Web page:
On the IFSD informal group, NORWAY presented clean text on underscoring the need to strengthen UN system-wide coherence and coordination, which was then agreed ad referendum. She said the group spent much of their time identifying kinds of functions delegates would like to see addressed by whatever body emerges from the negotiations as an improved framework for sustainable development, without prejudging its form. She said this list would be used in further deliberations.

MAJOR GROUPS: CHILDREN AND YOUTH asked, with NGOs, for the G77/China to reconsider the deletion of text on a high representative for future generations. She supported reform of the Bretton Woods Institutions and a sustainable development council or a high level council. NGOs said a system-wide strategy for sustainable development is important, and emphasized the importance of multi-stakeholder participation.


With splinter groups meeting throughout the day, delegates both in the meeting rooms and in the corridors could be heard bemoaning long hours spent running from one group to the other. “This process is completely dysfunctional,” one delegate vented. “How can you ever reach consensus if critical negotiators are missing because they’re working next door?” Still, at least some groups started seeing the light at the end of the tunnel. “There are clearly two different visions on the SDGs process, and we decided to list them as two separate options,” one participant of the SDG group commented, “and at the same time we realized that many other divergences are minor and can easily be bridged.” With the clock ticking however, the need for clarity in the process became urgent, along with the need for perspective and fresh ideas. Informal groups ended the day jockeying for working slots on Saturday, after a day which did see substantive, and according to some “exciting,” progress on a number of issues. “Time,” as one delegate noted, “has become our common enemy.”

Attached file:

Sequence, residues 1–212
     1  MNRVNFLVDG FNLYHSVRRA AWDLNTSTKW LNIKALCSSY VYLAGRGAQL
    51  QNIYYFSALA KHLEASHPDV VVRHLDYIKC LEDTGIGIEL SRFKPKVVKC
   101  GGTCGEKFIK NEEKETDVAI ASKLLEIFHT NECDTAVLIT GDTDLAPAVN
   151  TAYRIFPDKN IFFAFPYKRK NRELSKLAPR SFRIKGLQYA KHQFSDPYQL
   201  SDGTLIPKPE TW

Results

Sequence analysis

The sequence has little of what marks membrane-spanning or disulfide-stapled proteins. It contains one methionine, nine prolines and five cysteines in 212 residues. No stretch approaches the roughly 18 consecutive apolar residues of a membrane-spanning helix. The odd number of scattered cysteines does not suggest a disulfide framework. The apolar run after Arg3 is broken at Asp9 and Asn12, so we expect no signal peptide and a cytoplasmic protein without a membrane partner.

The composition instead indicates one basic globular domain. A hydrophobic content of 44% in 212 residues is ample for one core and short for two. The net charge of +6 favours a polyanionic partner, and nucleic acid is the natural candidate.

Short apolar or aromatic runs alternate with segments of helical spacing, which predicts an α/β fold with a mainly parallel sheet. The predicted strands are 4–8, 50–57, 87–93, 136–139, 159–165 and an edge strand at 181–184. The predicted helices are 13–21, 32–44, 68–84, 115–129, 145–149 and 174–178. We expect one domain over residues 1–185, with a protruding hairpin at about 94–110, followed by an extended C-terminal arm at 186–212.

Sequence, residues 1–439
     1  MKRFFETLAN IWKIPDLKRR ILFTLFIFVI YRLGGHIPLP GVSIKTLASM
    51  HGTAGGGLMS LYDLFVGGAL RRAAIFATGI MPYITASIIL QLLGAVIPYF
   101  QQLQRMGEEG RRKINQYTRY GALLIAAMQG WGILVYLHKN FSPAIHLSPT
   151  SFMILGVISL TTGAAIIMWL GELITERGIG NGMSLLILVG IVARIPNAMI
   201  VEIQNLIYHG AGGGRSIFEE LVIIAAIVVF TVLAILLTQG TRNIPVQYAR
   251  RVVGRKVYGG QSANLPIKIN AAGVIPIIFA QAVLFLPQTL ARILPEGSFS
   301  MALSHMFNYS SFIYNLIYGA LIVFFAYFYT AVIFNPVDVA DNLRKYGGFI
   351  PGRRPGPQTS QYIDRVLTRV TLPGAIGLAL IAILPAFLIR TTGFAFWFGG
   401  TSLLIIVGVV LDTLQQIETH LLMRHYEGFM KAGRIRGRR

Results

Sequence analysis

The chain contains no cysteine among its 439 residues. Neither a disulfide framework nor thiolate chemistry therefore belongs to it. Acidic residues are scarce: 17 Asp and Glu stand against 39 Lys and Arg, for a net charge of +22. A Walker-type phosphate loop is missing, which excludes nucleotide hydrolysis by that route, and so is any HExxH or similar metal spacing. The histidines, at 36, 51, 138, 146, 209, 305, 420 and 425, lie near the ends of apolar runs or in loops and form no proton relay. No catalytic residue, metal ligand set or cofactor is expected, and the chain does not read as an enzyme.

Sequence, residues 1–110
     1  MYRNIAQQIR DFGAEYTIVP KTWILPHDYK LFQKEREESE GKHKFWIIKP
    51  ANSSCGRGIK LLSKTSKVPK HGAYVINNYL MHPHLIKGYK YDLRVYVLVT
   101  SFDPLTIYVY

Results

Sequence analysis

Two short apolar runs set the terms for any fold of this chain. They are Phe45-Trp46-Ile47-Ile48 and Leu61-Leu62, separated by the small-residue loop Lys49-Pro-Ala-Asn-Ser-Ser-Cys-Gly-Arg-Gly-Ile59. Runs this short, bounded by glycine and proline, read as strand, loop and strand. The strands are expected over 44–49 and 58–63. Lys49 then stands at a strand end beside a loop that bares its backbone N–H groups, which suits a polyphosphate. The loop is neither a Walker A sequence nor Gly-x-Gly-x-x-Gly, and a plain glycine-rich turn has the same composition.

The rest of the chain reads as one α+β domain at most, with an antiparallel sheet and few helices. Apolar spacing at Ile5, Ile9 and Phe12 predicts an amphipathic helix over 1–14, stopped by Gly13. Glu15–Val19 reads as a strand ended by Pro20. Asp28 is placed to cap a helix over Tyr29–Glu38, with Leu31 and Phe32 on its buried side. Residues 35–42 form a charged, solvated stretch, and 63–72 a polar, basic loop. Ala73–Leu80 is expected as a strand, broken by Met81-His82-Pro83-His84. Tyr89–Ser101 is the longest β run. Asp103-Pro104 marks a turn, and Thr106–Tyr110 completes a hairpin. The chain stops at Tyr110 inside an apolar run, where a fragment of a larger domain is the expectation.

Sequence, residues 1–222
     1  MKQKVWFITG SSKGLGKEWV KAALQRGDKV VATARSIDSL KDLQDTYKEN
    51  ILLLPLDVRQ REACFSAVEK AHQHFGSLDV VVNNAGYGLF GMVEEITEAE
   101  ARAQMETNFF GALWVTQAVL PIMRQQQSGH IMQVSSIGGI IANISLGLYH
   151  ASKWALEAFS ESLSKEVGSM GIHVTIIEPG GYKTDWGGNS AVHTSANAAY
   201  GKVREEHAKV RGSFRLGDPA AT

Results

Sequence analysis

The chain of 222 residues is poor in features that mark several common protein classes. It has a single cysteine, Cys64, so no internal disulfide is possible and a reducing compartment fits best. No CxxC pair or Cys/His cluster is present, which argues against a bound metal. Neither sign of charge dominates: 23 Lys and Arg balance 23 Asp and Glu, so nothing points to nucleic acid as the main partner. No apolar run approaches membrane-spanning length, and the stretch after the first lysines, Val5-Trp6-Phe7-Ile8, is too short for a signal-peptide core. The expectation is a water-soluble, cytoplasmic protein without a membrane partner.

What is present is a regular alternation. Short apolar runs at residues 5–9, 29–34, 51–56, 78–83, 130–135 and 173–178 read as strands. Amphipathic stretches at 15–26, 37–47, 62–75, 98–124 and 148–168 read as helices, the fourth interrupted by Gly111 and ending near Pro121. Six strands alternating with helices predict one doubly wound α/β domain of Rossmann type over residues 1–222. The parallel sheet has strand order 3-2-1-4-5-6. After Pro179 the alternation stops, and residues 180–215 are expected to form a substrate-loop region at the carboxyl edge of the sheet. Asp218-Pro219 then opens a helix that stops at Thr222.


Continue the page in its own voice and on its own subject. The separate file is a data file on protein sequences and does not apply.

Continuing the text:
ENB SUMMARY AND ANALYSIS: The Earth Negotiations Bulletin summary and analysis of the meeting will be available on Tuesday, 5 June 2012 online at: http://enb.iisd.org/uncsd/iinzod3/

This issue of the Earth Negotiations Bulletin © <enb@iisd.org> is written and edited by Anna Schulz, Elsa Tsioumani, Andrey Vavilov, Ph.D., Lynn Wagner, Ph.D., and Peter Wood, Ph.D. The Digital Editor is Dan Birchall. The Editor is Pamela S. Chasek, Ph.D. <pam@iisd.org>. The Director of IISD Reporting Services is Langston James “Kimo” Goree VI <kimo@iisd.org>. The Sustaining Donors of the Bulletin are the European Commission (DG-ENV), the Government of the United States of America (through the Department of State Bureau of Oceans and International Environmental and Scientific Affairs), the Government of Canada (through CIDA), the Danish Ministry of Foreign Affairs, the German Federal Ministry for Economic Cooperation and Development (BMZ), and the German Federal Ministry for the Environment, Nature Conservation and Nuclear Safety (BMU). General Support for the Bulletin during 2012 is provided by the Norwegian Ministry of Foreign Affairs, the Government of Australia, the Ministry of Environment of Sweden, the New Zealand Ministry of Foreign Affairs and Trade, SWAN International, the Swiss Federal Office for the Environment (FOEN), the Finnish Ministry for Foreign Affairs, the Japanese Ministry of Environment (through the Institute for Global Environmental Strategies - IGES), the Japanese Ministry of Economy, Trade and Industry (through the Global Industrial and Social Progress Research Institute – GISPRI), and the United Nations Environment Programme (UNEP). Funding for translation of the Bulletin into French has been provided by the Government of France, the Belgium Walloon Region, the Province of Québec, and the International Organization of the Francophone (OIF and IEPF). The opinions expressed in the Bulletin are those of the authors and do not necessarily reflect the views of IISD or other donors. Excerpts from the Bulletin may be used in non-commercial publications with appropriate academic citation. For information on the Bulletin, including requests to provide reporting services, contact the Director of IISD Reporting Services at <kimo@iisd.org>, +1-646-536-7556 or 320 E 46th St., APT 32A, New York, NY10017-3037, USA. The ENB team at the Third Round of ‘Informal-Informal’ Negotiations on the zero draft of outcome document of the UNCSD can be contacted by e-mail at <peterw@iisd.org>.